Last week I wrote about the challenges and opportunities for digital and tech policy in the UK in 2021, but we should also be sure to be paying attention to developments in Brussels at the same time.
This week, across the Channel, the EU spelt out its proposals for 2021 on digital services and digital markets. While the UK may no longer be a member of the European Union, the path they choose will undoubtedly impact UK policy making and UK businesses.
Taken together the Digital Services Act (DSA) and Digital Markets Act (DMA) will form the foundations of an updated rule book for tech in Europe. The DMA focuses on obligations on ‘gatekeepers’ or ‘gateway’ businesses online in an bid to boost digital competition, while the DSA attempts to tackle illegal online content and goods.
While the EU will take the lead on setting the rules, a testing task given differing approaches among its member states, enforcement will be left predominantly in the hands of individual countries. Debates over how exactly to achieve coordination and coherency will likely be a feature of these reforms coming into force, a process that is likely to be both long and arduous.
The Commissioners leading these changes – Vestager and Breton – may want this done and dusted in two years, but already that feels ambitious.
Players in this space should use this timeline to their advantage by engaging early and often. How and what that engagement should look like will vary from company to company but next year will be a key moment to set out your stall in a few key areas.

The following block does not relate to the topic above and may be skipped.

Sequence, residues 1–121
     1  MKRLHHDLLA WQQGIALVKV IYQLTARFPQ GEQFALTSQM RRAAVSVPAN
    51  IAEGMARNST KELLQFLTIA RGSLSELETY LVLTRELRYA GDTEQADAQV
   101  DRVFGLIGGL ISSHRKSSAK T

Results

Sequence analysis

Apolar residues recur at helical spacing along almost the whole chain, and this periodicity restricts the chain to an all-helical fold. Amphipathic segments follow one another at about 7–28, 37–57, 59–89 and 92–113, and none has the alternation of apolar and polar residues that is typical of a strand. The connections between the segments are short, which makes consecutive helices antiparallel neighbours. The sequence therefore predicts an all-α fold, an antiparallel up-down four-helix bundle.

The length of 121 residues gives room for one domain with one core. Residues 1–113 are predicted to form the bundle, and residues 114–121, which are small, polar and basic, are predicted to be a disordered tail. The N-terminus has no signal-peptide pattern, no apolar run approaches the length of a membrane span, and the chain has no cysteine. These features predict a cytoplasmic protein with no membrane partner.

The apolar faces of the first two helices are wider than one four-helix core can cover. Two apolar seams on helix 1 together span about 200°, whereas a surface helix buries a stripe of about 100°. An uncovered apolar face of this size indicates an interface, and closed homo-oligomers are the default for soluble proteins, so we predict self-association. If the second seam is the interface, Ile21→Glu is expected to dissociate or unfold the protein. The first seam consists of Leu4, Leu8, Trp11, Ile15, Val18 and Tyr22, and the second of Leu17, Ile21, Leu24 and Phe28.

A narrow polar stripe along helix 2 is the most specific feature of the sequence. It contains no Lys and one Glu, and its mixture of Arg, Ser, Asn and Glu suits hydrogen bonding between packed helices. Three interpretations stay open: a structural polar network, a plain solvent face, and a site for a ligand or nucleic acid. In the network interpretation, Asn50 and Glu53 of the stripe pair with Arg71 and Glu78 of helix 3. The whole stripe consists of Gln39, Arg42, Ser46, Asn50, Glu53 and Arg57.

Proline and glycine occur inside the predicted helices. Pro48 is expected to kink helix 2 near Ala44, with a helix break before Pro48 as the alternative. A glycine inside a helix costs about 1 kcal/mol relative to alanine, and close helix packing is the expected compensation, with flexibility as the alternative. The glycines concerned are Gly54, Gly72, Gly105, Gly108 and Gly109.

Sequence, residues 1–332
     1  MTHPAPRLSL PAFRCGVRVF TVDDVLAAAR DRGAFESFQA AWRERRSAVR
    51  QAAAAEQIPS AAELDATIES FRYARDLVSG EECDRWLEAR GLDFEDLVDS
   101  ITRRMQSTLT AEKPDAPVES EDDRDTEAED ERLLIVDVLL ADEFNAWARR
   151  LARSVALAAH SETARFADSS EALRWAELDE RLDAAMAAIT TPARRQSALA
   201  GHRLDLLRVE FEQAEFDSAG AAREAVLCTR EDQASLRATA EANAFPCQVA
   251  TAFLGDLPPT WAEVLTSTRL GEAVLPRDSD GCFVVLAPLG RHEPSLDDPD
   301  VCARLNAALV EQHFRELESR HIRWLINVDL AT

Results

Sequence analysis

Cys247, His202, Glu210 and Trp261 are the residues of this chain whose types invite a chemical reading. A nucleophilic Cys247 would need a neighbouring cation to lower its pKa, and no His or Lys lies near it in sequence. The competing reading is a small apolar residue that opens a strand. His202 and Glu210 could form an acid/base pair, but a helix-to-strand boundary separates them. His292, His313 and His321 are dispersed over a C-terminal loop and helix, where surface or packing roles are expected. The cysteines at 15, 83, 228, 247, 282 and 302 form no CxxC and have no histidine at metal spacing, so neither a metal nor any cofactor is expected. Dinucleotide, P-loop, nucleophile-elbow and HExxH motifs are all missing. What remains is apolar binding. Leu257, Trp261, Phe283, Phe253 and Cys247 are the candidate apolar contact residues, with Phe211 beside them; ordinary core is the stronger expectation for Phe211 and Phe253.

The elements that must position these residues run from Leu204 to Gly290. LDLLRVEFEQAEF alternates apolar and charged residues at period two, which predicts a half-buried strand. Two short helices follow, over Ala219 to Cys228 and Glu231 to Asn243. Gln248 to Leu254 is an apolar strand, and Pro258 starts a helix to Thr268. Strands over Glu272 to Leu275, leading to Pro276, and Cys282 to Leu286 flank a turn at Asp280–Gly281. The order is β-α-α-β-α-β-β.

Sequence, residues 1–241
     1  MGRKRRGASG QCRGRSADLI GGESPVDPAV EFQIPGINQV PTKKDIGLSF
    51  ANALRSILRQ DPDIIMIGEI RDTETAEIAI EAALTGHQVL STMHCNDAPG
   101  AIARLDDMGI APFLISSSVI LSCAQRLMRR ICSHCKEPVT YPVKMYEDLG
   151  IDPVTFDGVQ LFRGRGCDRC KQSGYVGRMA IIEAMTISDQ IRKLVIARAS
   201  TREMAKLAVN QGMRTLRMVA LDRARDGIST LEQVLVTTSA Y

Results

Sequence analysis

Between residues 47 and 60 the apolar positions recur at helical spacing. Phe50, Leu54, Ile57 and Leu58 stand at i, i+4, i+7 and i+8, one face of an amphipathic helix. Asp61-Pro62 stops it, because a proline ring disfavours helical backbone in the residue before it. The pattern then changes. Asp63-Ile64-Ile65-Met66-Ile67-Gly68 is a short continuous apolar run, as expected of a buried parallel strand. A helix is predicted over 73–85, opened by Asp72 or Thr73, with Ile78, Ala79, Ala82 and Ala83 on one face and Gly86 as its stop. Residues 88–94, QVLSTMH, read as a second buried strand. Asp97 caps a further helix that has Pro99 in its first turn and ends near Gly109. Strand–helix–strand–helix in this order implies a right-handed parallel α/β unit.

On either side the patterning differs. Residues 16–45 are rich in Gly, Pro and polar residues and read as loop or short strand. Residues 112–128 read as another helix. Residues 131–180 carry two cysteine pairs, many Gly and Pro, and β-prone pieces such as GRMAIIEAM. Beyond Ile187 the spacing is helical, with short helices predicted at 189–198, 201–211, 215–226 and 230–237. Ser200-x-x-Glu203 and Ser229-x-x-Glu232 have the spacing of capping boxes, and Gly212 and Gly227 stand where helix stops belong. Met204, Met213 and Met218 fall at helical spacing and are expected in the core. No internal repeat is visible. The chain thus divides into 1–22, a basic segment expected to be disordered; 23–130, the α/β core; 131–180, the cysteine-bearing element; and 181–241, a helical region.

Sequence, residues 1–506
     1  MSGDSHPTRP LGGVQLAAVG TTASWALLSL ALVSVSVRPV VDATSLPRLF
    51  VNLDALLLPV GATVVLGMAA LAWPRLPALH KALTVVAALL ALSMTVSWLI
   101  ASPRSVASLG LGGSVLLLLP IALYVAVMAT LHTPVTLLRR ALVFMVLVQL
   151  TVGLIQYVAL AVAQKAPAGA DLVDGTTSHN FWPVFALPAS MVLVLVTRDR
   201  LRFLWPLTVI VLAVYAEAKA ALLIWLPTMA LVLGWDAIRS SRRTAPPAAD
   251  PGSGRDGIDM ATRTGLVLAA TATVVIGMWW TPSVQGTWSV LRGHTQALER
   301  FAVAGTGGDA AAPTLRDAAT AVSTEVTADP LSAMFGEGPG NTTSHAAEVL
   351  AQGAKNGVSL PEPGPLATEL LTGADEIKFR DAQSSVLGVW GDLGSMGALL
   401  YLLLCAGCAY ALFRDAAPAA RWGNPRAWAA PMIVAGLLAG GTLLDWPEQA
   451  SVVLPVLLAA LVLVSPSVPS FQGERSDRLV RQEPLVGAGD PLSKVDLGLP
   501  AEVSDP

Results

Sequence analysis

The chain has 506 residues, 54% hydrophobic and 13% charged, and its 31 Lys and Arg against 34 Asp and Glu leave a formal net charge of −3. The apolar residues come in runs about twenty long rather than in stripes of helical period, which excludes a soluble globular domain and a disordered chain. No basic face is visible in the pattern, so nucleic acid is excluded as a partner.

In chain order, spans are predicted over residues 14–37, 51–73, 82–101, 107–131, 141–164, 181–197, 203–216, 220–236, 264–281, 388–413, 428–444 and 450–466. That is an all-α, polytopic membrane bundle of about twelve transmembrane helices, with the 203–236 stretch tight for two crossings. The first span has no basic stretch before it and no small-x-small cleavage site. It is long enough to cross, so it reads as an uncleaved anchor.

First, huge amounts of progress is already being made in many of the fields that the DSA and DMA grapple with: the tech sector needs to shout about this often and loudly – and most importantly in the direction of the Berlaymont. Whether work is happening on improving user choice around advertising, offering greater transparency about decision-making processes on platforms or updating terms of service to maintain the safety and security of platforms, the sector needs to get better at telling stakeholders about the improvements they are making independent of any specific regulations.
These improvements are often rolled out inconspicuously, which means they often go unnoticed. This approach has to change.
Second, this is not a debate the start-ups, scale-ups and the investment community can sit out. There will be numerous hearings and mini-consultations, events and workshops where these voice should be heard. It is always hard to dedicate time and resource to advocacy, but it doesn’t have to done alone. The Digital Future for Europe Coalition for example brings together over 100 start-ups, scale ups and organisations that make up Europe’s tech ecosystem. By joining Coalitions like this you can access ready-to-use advocacy material and have your voice amplified.
Finally, the Commission is keen to continue to develop its evidence base and provide legal certainty. The tech community should engage with this proactively to ensure that such evidence isn’t gathered in a vacuum. Next year is the time to explicitly spell out the many upsides – economic, social and personal – of the tech ecosystem to the European authorities. Tech undoubtedly will be key to the recovery and future growth for Europe and companies should not shy away from breaking down exactly what their contribution can and will be.
The Commission has sketched out their proposals it is now time for tech to move in and fill in the gaps and help them correct any early errors.